Pervasive Software Joins Open Source Database Fray With PostgreSQL Support

Pervasive will bundle up its own install procedures and various JDBC/ODBC drivers with the database itself, said Lance Obermeyer, director of products for Pervasive, Austin, Texas.

PostgreSQL used to be aligned with a startup Great Bridge, which faded from view, and has been backed by Red Hat as well, which bundles PostgreSQL with its enterprise Linux distribution.

Starting in February, Pervasive will offer standard support for PostegreSQL for $1,999 per year, and premium support with round-the-clock coverage for $4,999 per year, Obermeyer said.

The company will continue to push its proprietary Pervasive.SQL for the embedded market, where it is already used in other ISV products such as Accpac, Platinum for Windows financial applications, as well as Maximizer CRM products, he said.

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With PostgreSQL, Pervasive hopes to attack the more mainstream corporate market. In that space it will take on MySQL, the popular database that is offered in both commercial and open-source versions. Among the open-source crowd, PostgreSQL, downloadable from, is seen as a more feature-rich alternative to MySQL.

Developers are finalizing work on PostgreSQL version 8.0.0 and expect it to be available this week or next. That release will include bug fixes and fuller support for Windows which is expected to drop any time now. The database supports AIX, Linux, Solaris and Windows.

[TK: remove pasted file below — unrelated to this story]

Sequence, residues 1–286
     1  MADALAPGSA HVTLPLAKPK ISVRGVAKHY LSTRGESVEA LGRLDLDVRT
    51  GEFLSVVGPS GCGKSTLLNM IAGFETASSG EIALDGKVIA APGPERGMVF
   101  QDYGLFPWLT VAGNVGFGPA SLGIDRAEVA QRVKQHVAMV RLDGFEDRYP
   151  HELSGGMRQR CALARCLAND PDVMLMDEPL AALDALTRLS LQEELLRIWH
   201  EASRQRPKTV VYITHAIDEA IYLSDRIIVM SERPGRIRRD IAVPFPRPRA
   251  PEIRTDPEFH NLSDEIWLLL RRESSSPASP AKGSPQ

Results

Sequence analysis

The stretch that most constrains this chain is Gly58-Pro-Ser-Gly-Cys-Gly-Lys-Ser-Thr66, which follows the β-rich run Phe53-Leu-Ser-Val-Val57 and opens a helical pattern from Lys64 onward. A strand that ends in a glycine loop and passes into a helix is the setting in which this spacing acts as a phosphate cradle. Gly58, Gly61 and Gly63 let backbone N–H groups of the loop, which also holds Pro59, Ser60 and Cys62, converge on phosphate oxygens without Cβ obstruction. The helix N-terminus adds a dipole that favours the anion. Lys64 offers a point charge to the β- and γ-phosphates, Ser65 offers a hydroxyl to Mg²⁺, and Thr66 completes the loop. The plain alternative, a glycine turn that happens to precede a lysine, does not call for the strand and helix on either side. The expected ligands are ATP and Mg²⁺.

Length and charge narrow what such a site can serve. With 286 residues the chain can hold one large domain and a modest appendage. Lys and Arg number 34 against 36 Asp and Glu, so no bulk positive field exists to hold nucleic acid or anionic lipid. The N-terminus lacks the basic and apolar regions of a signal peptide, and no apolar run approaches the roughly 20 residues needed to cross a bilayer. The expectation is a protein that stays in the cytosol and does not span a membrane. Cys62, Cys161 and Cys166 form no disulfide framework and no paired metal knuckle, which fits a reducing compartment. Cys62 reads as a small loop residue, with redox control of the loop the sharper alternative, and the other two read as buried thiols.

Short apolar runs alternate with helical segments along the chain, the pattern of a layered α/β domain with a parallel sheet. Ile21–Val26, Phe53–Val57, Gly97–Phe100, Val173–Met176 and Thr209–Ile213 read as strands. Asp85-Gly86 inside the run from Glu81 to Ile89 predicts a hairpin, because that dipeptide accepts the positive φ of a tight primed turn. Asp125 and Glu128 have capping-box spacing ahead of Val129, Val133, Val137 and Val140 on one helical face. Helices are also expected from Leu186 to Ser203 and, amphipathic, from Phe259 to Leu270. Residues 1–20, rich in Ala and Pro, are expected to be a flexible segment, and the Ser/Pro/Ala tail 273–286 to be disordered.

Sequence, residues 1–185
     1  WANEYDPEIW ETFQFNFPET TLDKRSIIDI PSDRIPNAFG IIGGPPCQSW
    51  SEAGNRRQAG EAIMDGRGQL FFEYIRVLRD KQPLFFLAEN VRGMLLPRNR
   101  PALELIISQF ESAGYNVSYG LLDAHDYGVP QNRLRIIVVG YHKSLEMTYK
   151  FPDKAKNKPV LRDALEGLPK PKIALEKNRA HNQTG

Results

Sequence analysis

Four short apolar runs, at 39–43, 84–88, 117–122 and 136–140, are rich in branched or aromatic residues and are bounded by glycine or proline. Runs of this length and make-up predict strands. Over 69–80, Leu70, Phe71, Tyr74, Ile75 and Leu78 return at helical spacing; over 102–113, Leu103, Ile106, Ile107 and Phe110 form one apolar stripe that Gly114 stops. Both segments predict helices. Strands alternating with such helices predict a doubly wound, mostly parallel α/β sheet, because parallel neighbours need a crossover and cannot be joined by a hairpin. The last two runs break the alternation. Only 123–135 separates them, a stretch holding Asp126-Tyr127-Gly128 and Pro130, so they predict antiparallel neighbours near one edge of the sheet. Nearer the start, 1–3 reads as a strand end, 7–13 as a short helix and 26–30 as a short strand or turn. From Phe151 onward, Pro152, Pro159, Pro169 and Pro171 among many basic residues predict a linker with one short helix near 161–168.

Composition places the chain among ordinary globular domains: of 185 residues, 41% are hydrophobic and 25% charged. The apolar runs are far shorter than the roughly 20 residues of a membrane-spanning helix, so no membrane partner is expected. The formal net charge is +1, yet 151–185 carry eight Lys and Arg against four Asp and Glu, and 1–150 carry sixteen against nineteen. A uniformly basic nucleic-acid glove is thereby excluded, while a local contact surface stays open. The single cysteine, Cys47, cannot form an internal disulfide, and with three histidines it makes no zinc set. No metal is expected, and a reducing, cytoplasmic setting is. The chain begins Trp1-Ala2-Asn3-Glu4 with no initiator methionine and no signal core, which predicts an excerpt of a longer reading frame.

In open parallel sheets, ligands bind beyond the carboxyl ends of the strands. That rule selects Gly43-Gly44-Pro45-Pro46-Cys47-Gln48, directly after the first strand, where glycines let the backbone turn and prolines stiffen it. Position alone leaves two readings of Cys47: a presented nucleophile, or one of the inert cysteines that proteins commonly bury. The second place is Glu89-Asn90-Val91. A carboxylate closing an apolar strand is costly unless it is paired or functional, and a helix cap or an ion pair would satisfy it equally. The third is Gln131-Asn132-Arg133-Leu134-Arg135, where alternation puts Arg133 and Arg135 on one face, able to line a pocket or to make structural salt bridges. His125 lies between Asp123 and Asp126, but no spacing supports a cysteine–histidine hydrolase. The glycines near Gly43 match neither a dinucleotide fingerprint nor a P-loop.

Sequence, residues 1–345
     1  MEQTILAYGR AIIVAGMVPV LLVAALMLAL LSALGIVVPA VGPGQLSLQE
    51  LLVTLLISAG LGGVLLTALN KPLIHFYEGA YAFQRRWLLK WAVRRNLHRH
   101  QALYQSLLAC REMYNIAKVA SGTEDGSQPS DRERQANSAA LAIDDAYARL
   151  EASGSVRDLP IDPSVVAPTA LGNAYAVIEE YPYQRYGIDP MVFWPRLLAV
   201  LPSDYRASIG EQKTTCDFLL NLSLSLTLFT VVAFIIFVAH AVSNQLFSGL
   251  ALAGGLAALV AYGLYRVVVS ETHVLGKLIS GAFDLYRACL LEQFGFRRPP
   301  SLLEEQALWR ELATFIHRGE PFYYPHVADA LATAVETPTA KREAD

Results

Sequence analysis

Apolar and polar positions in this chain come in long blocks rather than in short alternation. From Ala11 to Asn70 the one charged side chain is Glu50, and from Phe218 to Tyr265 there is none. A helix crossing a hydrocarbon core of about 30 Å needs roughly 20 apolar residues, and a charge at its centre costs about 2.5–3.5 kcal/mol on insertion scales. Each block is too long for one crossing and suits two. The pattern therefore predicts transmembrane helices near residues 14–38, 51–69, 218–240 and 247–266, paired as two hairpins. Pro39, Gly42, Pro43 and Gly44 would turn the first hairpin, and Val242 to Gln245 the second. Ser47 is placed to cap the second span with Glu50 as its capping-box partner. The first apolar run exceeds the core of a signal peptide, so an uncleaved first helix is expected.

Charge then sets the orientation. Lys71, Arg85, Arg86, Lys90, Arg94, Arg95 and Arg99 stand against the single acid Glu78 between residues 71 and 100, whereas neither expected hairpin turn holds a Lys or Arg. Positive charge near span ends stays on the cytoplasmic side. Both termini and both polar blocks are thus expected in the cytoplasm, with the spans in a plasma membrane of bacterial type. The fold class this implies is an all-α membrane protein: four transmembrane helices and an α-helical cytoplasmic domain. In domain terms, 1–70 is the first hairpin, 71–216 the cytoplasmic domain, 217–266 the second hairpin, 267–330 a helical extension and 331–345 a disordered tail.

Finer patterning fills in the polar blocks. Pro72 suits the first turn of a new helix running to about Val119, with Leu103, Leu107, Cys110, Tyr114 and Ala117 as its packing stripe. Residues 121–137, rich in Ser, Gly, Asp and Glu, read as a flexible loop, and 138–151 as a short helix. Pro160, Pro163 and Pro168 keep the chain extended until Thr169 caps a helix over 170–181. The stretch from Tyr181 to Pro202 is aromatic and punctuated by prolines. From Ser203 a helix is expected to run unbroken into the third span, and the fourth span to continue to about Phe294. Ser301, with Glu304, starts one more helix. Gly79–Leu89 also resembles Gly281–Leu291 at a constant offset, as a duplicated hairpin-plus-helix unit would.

Meta Group analyst Charlie Garry said PostgreSQL hasn't set the world on fire, but holds the edge in functionality over MySQL.

"Pervasive clearly hopes to leverage its sales channel and database management in small and medium businesses, which are likely to be the first adopters of open source databases," he noted.

Forrester Research analyst Noel Yuhanna said PostgreSQL is in many ways comparable to commercial databases because of its long history, but to date has lacked the backing of a key vendor. "This is a good move to push adoption to the next level," he said.

Solution providers also say the market is starting to open up for open-source databases, a notion analysts back as well.

"We are absolutely seeing [adoption] at the edge and in the middle tier, although not many companies are adopting [open source technology for] their mission critical apps," Yohanna noted. "I candidly question whether people are running SAP, Siebel, Baan or PeopleSoft stuff atop open source."

Meta Group's Garry concurred, saying that mainstream adoption of open-source databases for such applications remains five years out.

In other database news, Oracle Monday announced Oracle Database Lite 10g for mobile deployment. The database, aimed at extending database reach from corporate data centers to mobile professionals, costs $100 per named user.